The Center for Climate & Security

Home » defense

Category Archives: defense

CNA’s Vice Admiral Lee Gunn Goes to Texas to Talk Climate and Security

800px-NASJRB_Fort_Worth_overhead_shotVice Admiral Lee Gunn, USN (Ret.) went to Texas on behalf of the Center for Naval Analyses’ Military Advisory Board to talk about climate change as a threat to national security.  While in the Lone Star State, Admiral Gunn spoke with policymakers and energy leaders.  He also made time to meet with Mose Buchele of StateImpact Texas for an interview to discuss the impacts of climate change on international security and military installations in Texas. Here is a part of the interview that looks at the overlapping stresses between governance, unrest, and climatic and ecological variables: (more…)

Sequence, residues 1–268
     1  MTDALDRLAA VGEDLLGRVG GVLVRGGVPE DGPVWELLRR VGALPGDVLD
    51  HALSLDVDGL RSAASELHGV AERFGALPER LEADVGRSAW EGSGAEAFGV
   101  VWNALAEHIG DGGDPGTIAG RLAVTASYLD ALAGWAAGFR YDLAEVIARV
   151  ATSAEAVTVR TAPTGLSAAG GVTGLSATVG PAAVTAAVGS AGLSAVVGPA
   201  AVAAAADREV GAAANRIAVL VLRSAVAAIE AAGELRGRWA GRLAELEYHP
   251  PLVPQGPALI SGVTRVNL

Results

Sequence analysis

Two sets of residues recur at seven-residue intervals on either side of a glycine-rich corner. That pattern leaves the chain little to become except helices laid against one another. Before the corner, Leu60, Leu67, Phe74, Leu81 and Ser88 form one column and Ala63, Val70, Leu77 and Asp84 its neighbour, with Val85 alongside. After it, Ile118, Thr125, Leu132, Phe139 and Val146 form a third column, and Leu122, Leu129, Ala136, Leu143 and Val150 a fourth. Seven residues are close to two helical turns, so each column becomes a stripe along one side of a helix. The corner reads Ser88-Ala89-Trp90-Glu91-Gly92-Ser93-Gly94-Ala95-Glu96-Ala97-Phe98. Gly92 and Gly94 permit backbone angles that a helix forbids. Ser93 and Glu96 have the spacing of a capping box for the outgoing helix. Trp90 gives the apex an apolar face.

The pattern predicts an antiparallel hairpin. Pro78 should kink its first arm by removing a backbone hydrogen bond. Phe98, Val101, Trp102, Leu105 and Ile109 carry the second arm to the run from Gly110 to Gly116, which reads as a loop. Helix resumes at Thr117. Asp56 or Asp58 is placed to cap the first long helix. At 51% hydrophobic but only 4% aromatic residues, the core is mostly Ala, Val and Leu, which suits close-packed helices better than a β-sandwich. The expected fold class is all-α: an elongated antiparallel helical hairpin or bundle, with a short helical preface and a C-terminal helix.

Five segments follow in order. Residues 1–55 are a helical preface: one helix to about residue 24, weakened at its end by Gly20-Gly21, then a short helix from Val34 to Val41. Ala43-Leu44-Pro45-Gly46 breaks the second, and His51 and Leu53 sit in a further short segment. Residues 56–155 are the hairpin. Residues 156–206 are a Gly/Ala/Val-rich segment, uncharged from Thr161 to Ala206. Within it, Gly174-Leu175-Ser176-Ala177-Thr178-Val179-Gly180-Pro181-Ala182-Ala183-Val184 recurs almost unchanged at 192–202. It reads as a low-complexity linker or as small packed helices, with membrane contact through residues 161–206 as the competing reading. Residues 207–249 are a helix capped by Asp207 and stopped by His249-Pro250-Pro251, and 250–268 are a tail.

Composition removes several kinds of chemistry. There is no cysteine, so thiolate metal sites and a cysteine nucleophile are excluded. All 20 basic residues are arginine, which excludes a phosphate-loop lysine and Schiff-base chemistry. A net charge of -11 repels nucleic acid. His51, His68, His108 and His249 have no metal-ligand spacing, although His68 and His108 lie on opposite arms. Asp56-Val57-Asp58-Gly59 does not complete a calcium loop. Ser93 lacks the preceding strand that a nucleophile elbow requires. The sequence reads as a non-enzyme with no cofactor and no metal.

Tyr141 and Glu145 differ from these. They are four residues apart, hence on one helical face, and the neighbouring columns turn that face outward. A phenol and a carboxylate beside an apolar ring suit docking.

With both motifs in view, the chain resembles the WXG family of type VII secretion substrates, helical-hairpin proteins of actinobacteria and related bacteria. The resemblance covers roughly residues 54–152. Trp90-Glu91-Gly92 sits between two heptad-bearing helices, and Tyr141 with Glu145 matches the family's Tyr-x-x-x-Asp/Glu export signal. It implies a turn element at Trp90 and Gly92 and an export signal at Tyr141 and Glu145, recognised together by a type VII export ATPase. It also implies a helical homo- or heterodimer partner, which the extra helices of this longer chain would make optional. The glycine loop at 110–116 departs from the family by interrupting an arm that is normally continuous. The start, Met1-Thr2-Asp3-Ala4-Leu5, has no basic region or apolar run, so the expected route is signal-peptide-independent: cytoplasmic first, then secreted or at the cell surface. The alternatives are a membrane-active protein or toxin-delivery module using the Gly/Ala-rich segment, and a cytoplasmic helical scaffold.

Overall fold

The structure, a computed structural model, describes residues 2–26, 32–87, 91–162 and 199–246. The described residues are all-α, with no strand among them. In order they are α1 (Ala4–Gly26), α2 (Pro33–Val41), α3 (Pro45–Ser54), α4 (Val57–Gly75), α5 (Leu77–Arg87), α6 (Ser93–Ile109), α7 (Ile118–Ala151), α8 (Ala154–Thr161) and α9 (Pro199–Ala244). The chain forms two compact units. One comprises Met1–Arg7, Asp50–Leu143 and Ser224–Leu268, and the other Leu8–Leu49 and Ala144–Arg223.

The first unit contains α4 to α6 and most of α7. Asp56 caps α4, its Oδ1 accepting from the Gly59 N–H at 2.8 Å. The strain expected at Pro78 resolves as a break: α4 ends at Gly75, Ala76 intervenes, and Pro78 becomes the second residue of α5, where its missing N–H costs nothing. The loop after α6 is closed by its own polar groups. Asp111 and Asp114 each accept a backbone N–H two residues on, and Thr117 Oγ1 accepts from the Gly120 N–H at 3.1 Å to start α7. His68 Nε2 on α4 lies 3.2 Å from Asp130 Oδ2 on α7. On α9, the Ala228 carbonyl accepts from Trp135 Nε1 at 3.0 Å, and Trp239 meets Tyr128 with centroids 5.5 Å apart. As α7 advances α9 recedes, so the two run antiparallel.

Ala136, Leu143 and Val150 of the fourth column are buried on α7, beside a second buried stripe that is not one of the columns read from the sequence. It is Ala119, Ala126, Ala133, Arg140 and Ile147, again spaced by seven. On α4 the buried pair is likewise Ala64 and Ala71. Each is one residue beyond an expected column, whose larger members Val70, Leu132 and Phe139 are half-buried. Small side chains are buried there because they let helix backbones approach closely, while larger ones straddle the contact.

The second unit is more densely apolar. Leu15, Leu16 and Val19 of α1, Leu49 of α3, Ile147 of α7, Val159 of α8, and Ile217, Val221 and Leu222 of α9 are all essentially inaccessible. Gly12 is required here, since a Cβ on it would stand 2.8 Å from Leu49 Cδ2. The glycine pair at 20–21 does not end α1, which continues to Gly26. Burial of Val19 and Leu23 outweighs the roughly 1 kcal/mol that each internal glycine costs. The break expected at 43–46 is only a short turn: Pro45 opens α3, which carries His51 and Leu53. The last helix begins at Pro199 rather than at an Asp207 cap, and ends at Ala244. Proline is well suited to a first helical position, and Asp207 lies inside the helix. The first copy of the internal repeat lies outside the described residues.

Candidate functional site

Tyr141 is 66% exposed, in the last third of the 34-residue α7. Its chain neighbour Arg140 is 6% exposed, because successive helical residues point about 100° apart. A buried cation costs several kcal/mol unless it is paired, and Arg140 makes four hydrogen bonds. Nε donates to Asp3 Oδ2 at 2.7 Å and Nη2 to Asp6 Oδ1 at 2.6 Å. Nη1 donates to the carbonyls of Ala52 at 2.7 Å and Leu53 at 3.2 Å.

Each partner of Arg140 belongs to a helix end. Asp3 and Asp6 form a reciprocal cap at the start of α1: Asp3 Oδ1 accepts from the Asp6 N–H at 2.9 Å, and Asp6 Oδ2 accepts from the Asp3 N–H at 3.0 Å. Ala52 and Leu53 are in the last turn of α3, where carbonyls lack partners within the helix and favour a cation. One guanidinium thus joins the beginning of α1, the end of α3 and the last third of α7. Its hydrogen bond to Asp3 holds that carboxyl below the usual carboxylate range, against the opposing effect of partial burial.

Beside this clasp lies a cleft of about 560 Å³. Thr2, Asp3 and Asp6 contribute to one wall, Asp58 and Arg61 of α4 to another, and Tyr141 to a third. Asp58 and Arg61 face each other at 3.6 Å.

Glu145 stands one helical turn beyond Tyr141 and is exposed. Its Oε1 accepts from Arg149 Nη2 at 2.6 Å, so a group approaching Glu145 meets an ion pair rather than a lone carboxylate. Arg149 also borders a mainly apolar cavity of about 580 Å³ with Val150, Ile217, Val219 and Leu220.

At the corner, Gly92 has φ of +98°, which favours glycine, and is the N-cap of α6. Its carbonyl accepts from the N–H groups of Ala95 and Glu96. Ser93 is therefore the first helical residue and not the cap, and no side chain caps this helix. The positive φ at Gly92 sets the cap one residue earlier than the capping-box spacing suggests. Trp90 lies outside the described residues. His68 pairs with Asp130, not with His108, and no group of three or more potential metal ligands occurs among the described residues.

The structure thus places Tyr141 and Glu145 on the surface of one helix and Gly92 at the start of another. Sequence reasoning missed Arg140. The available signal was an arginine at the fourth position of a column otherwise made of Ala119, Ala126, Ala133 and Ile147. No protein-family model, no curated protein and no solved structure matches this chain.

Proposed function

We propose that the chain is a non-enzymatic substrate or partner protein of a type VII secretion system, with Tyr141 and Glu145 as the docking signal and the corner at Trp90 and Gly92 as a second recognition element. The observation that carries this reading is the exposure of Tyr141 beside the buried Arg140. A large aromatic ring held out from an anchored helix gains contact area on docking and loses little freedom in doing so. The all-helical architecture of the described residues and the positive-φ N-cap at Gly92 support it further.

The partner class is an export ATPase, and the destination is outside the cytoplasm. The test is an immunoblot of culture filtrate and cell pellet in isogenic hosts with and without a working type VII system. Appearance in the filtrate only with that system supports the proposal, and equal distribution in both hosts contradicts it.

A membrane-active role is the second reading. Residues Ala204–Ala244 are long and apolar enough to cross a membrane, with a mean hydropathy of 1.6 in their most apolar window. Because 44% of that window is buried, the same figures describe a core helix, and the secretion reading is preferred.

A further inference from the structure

The U.S. Geographic Combatant Commanders on Climate Change

Will Rogers over at the Center for a New American Security has posted an excellent blog compiling posture statements and exchanges from each of the Geographic Combatant Commanders (GCCs) on climate change during recent Senate Armed Services Committee hearings. We’re re-posting it below:

(more…)

Climate Change Impacts on U.S. Military Bases in the Southwest

The U.S. Department of Defense is preparing itself for climate change risks to its military installations in the United States, and making the necessary investments. According to the Arizona Daily Star, the University of Arizona’s Institute of the Environment “will get close to $2 million in research grants over the next few years to help figure out how drought, dust storms, forest fires, lightning and rising temperatures could affect defense bases across the American Southwest.”

U.S. Secretary of Defense Leon Panetta on Climate Change and National Security

At a speech in Kentucky last Thursday, Secretary of Defense Panetta was asked a question on the implications of climate change for national security, and the future of the Defense Department. Secretary Panetta gave a thoughtful response, highlighting the security impacts of climate-aggravated drought, sea level rise and Arctic melt. (more…)